Year Regional Gross Value Added Agriculture Industry Services
1995 2,585 130 943 1,512
2000 2,773 108 831 1,833
2003 3,470 109 868 2,494

Northumberland has a relatively weak economy amongst the counties and other local government areas of the United Kingdom. The county is ranked sixth lowest amongst these 63 council areas. In 2003 23% of males and 60% of females were earning less than the Council of Europe's decency threshold. As of May 2005 unemployment is at 2.3%, in line with the national average. Between 1999 and 2003 businesses in the county grew 4.4% to 8,225, making 0.45% of registered businesses in the UK.

A major source of employment and income in the county is tourism. The county annually receives 1.1 million UK visitors and 50,000 foreign tourists who spend a total of £162million in the county..


Northumberland has a completely comprehensive education system with 15 state schools and one independent school. Similar to Bedfordshire, it embraced the comprehensive ideal with the three tier system of lower/middle/upper schools with large school year sizes (often around 300). This eliminates choice of school in most areas - as instead of having two secondary schools in one town, one school becomes a middle school and another becomes an upper school; in individual towns everyone will go to the same school. Cramlington Community High School has almost 400 pupils in each school year; making it one of the largest schools in England. There is only one school for the whole of the Berwick-upon-Tweed district. Blyth Community College also situated in Northumberland, able to hold 1500 students throughout the building.


At the Census 2001 Northumberland registered a population of 307,190, estimated to be 309,237 in 2003. In 2001 there were 130,780 households, 10% which were all retired, and one third were rented. Northumberland has a very low ethnic minority population at 0.985% of the population, compared to 9.1% for England as a whole. 81% of the population reported their religion as Christianity, 0.8% as another religion, and 12% as having no religion..

Being primarily rural with significant areas of upland, the population density of Northumberland is only 62 persons per square kilometre giving it the lowest population density of any county in England.


Like most English shire counties Northumberland has had a two-tier system of local government. At present (2008) it still has a county council based in Morpeth and also has six districts, each with their own district council. These districts are, Blyth Valley, Wansbeck, Castle Morpeth, Tynedale, Alnwick and Berwick-upon-Tweed. The county and district councils are responsible for different aspects of local government.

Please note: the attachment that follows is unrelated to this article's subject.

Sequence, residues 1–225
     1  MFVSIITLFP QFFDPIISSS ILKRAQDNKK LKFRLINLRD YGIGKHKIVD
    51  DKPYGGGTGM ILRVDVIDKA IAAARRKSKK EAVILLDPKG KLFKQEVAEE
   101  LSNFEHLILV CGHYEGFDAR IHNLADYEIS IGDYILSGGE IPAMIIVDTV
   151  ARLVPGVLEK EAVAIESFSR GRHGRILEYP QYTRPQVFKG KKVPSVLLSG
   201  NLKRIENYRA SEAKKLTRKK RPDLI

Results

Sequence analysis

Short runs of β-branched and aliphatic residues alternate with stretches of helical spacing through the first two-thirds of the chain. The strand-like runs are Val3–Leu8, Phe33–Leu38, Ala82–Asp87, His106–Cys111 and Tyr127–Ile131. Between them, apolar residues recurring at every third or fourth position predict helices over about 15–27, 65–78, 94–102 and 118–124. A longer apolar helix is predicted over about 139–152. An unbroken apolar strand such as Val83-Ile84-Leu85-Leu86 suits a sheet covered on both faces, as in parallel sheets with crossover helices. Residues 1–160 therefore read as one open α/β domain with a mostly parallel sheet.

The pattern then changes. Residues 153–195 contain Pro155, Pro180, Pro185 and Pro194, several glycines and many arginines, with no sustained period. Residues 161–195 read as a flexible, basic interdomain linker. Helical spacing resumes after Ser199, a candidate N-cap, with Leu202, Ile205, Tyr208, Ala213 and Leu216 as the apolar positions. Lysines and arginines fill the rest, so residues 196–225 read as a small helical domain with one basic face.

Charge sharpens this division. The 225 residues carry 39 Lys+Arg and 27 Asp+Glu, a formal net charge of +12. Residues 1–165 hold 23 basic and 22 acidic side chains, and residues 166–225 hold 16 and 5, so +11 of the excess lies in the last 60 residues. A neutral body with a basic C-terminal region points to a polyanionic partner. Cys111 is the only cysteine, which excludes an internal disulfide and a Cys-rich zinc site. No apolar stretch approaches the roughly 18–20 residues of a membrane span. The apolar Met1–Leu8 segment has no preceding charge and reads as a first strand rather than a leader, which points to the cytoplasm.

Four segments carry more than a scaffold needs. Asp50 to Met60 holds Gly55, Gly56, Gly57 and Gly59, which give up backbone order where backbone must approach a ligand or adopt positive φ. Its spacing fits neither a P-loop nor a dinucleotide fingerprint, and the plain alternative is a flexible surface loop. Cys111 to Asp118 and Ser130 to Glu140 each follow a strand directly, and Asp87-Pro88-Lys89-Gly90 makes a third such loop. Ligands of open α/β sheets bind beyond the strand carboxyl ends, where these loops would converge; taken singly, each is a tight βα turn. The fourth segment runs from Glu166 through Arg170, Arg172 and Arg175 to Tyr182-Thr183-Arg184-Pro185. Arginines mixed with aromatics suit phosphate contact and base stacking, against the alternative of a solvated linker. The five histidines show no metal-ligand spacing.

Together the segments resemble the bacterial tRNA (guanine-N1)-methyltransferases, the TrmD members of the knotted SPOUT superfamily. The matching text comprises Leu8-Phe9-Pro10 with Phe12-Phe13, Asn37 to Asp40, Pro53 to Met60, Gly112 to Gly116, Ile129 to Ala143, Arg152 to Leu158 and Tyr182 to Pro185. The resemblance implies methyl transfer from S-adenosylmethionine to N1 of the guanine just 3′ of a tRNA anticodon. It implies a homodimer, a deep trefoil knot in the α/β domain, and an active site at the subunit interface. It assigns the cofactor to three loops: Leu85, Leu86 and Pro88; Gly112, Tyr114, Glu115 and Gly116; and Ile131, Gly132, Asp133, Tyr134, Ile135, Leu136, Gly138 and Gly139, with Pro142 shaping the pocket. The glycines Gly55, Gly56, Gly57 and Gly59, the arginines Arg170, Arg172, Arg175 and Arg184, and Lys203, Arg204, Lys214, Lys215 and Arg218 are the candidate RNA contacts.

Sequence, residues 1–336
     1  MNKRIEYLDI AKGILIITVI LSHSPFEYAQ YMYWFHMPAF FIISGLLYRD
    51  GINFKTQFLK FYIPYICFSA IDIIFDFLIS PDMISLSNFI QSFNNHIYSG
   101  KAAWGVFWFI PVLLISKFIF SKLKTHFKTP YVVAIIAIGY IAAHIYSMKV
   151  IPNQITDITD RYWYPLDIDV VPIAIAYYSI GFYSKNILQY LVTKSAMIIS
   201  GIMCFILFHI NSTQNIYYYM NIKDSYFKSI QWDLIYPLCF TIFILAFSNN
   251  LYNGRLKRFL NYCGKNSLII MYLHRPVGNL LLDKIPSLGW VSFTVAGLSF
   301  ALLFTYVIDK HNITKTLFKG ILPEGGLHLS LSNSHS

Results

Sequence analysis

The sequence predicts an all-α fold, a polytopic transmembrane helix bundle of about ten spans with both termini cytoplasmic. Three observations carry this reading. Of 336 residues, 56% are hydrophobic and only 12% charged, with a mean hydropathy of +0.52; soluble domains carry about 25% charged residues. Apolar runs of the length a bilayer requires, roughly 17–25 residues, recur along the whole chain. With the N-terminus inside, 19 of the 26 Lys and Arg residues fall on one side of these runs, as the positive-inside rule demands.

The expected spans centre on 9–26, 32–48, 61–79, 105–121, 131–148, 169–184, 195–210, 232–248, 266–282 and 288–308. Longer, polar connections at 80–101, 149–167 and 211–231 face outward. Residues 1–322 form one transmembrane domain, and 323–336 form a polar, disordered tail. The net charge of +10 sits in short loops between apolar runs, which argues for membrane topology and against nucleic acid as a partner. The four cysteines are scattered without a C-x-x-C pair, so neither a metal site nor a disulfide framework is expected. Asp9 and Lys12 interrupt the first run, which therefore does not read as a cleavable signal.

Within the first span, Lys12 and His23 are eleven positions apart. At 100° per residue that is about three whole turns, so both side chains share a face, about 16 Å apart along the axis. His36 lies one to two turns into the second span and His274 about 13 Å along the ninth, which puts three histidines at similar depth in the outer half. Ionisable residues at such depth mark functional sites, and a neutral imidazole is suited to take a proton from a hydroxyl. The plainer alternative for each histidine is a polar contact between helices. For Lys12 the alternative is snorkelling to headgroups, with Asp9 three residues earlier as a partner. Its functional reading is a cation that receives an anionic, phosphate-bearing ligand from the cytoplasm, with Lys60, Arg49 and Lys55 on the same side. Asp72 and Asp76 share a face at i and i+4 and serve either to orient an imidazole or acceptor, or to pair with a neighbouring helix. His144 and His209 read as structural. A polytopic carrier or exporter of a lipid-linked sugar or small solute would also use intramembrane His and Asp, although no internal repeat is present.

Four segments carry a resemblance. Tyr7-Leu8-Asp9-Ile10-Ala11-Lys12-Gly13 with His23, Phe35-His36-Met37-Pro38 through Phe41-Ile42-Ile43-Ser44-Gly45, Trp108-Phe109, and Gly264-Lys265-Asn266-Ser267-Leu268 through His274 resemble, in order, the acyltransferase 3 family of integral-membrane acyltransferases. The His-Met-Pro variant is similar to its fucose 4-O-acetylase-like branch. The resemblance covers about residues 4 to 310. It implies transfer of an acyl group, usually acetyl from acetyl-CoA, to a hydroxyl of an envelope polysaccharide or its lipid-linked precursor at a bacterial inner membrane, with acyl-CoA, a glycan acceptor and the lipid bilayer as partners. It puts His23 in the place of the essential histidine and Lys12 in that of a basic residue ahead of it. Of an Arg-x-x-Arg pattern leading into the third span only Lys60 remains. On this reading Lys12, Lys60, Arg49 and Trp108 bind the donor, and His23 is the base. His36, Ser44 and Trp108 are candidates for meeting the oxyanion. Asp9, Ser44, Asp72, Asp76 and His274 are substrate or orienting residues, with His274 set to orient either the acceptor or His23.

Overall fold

However, the Department for Communities and Local Government have passed plans to reorganise Northumberland's administrative structure. Two proposals were looked at - one to abolish all of the districts to create a Northumberland unitary authority; and one to create two separate unitary authorities, South East Northumberland (the area now covered by Blyth Valley and Wansbeck), and Rural Northumberland (the area now covered by the other four districts). The proposal for a countywide unitary authority was approved in July 2007. The changes are planned to be implemented no later than 1 April 2009 as part of the 2009 structural changes to local government in England.

Elections for the new unitary authority council took place on 1 May 2008.

Northumberland is represented in the House of Commons by four Members of Parliament, of whom one is a Conservative, one is a Liberal Democrat and two are Labour.


Northumberland has traditions not found elsewhere in England. These include the rapper sword dance, the Clog dance and the Northumbrian smallpipe, a sweet chamber instrument, quite unlike the Scottish bagpipe. Northumberland also has its own tartan or check, sometimes referred to in Scotland as the Shepherd's Tartan. Traditional Northumberland music sounds similar to Lowland Scottish music, reflecting the strong historical links between Northumbria and the Lowlands of Scotland.

The Border ballads of the region have been famous since late mediaeval times. Thomas Percy, whose celebrated Reliques of Ancient English Poetry appeared in 1765, states that most of the minstrels who sang the Border ballads in London and elsewhere in the 15th and 16th centuries belonged to the North. The activities of Sir Walter Scott and others in the 19th century gave the ballads an even wider popularity. William Morris considered them to be the greatest poems in the language, while Algernon Swinburne knew virtually all of them by heart.